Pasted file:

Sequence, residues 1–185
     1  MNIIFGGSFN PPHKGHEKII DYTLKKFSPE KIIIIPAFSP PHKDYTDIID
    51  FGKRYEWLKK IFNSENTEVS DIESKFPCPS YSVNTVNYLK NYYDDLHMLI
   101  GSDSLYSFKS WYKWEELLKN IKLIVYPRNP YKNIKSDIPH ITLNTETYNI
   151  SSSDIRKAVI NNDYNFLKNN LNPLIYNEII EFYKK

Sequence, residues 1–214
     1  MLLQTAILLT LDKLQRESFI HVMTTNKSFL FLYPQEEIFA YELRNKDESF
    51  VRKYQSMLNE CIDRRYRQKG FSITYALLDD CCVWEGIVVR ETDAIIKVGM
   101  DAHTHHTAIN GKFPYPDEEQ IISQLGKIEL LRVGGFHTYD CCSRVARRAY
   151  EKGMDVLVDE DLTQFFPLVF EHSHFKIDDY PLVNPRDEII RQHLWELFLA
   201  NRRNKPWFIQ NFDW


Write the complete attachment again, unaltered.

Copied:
Sequence, residues 1–185
     1  MNIIFGGSFN PPHKGHEKII DYTLKKFSPE KIIIIPAFSP PHKDYTDIID
    51  FGKRYEWLKK IFNSENTEVS DIESKFPCPS YSVNTVNYLK NYYDDLHMLI
   101  GSDSLYSFKS WYKWEELLKN IKLIVYPRNP YKNIKSDIPH ITLNTETYNI
   151  SSSDIRKAVI NNDYNFLKNN LNPLIYNEII EFYKK

Sequence, residues 1–214
     1  MLLQTAILLT LDKLQRESFI HVMTTNKSFL FLYPQEEIFA YELRNKDESF
    51  VRKYQSMLNE CIDRRYRQKG FSITYALLDD CCVWEGIVVR ETDAIIKVGM
   101  DAHTHHTAIN GKFPYPDEEQ IISQLGKIEL LRVGGFHTYD CCSRVARRAY
   151  EKGMDVLVDE DLTQFFPLVF EHSHFKIDDY PLVNPRDEII RQHLWELFLA
   201  NRRNKPWFIQ NFDW